« ElőzőTovább »
Standing Committee - The Rev. Messrs. Eaton, Gillette, and Dalzell, and Messrs. W. J. Hutchins and 0. Farish.
Treasurer-S. M. Swenson, of Austin.
Delegates to General Convention--The Rev. Messrs. Eaton, Fontaine, Gillette, and Dalzell, and Messrs. Gray, Nicols, Sartwell, and Dr. Nicholson.
Trustees to the University of the South-The Rev. Mr. Eaton, and Messrs. Raymond and Nicholson.
The Rev. Alexander Gregg, of Cheraw, South-Carolina, was nominated Bishop on the second ballot of the clergy, and was then unanimously confirmed by the laity.
California. - The Annual Convention met at Marysville, California, on Wed. nesday, May 4th, Eight delegates were chosen to the General Convention, to be held in Richmond, Va., on the fifth of next October, namely : From the clergy, Revs. William H. Hill, S. C. Thrall, F. C. Ewer, and F. M. McAllister; and from the laity, Messrs. J. W. Winans, N. H. Davis, C. O. Gerberding, and Edward Stanley.
Bowman, March 20, 1859, St. Andrew's, Philadelphia.
St. James', Milwaukie, Wis.
Old St. George's Chapel, New-York. Eddy, Clayton,
May 25, Ch. of Holy Trinity, Middletown, Ct. Hermann, Samuel, Lloyd, W. F.,
H. W. Lee, March 20,“ Grace Church, Cedar Rapids, Iowa. McGill,
May 26, " Christ Church, Louisville, Ky. Punnett, Thomas W., Williams,
May 25, " Ch. of Holy Trinity, Middletown, Ct. Root, N. W. T. Schramm, Charles, H. Potter,
March 6, " Old St. George's Chapel, New-York, Scott, David,
April 28, 16 St. James', Danbury, Ct. Spaulding, H. W., Kemper, March 20," St. James', Milwaukie, Wis. Tracy, Uriah T.,
June 2, 46 Church of Ascension, New York. True, E. Hyde,
May 25, Ch. of Holy Trinity, Middletown, Ct. Vaughan, M. H.,
St. Stephen's, Goldsborough, N. C.
St. Ster Witherspoon, Orlando,
May 25, Ch. of Holy Trinity, Middletown, Ct.
PRIESTS. 1 me. Bishop. Time.
Place. Abel, Rev. A. M.,
Bowman, March 20, 1859, St. Andrew's, Philadelphia Canfield, Rev. F. D., Doane, March 13, " St. Peter's, Morristown, N.J. Clarke, Rev. Sylvester,
April 27, St. John's, Stamford, Ct. Christian, Rev. William, Whittingham, March 24, " Mt. Calvary Church, Baltimore, Md. Coley, Rev. I. E.,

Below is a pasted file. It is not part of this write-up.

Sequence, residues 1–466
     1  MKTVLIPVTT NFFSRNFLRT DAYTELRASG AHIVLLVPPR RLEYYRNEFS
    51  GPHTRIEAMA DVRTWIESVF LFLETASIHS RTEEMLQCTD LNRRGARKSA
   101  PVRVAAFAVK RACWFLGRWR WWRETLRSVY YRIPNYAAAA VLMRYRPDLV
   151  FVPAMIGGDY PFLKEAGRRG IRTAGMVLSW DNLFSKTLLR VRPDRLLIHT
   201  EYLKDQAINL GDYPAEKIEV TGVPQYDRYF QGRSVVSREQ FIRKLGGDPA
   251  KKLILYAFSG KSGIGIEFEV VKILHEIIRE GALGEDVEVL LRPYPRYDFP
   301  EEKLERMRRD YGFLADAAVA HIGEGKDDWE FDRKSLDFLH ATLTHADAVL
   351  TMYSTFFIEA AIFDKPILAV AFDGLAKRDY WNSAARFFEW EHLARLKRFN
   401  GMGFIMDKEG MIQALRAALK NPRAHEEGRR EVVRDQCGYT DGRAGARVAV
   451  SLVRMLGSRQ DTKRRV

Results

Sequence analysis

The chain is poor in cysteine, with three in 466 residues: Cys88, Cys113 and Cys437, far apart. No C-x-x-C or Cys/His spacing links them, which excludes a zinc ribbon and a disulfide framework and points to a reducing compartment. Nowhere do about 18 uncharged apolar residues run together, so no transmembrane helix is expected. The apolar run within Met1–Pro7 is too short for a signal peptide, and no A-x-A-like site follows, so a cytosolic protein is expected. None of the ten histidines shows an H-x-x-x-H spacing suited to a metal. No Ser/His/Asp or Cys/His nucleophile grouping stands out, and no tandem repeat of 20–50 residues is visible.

May 10, 4 St. James', New-London, Ct. Converse, Rev. Geo, S., H. Potter, June 2, " Church of Ascension, New York, Cornell, Rev. T. F., Doane, March 18, " St. Peter's, Morristown, N. J. Curtis, Rev, A. A., Whittingham,
Coventry Parish, Somerset Co., Md. Emery, Rev. Rufus,
April 27, " St. John's, Stamford, Ct. Gatewood, Rev. R., Johns, April 10, " Christ Church, Alexandria, Va. Gregory, Rev. Henry S., Williams, May 10, " St. James', New-London, Ct. Hall, Rev. Samuel,
May 15, 6 Christ Church, New-Orleans. Langdon, Rev. W. C. Bowman, March 20, St. Andrew's, Philadelpbia. Marshall, Rev. William, A. Lee,
April 18, " St. Andrew's, Wilmington, Del. Mitchell, Rev. W., Williams,
April 27, St. John's, Stamford, Ct. Morrison, Rev. G. F., Whittingham, March 24, Mt. Calvary Church, Baltimore, Md. Ralston, Rev. W. S., Smith,
April 1, " Trinity Church, Covington, Ky. Rice, Rev. D. G., Williams, May 10, " St. James', New-London, Ct. Southgate, Rev. J. B., Burgess,
Christ Church, Gardiner, Me. Spencer, Rev. C. S., Whittingham,
Coventry Parish, Somerset Co., MA. Stansbury, Rev. —
March 14,46 Grace Church, Newark, N. J.
March 3, " Hillsdale,
Savannah, Ga. St. Stephen's Church, Polk,
May 1, " Williamsport, La.
DEATHS. DIED, at his residence in the city of Baltimore, on Good Friday, April 22d, the Rev. HENRY VAN DYKE JOHNS, D.D., rector of Emanuel Church. We copy from a secular paper (the Baltimore American) the following condensed sketch of the life and labors of this earnest workman of God :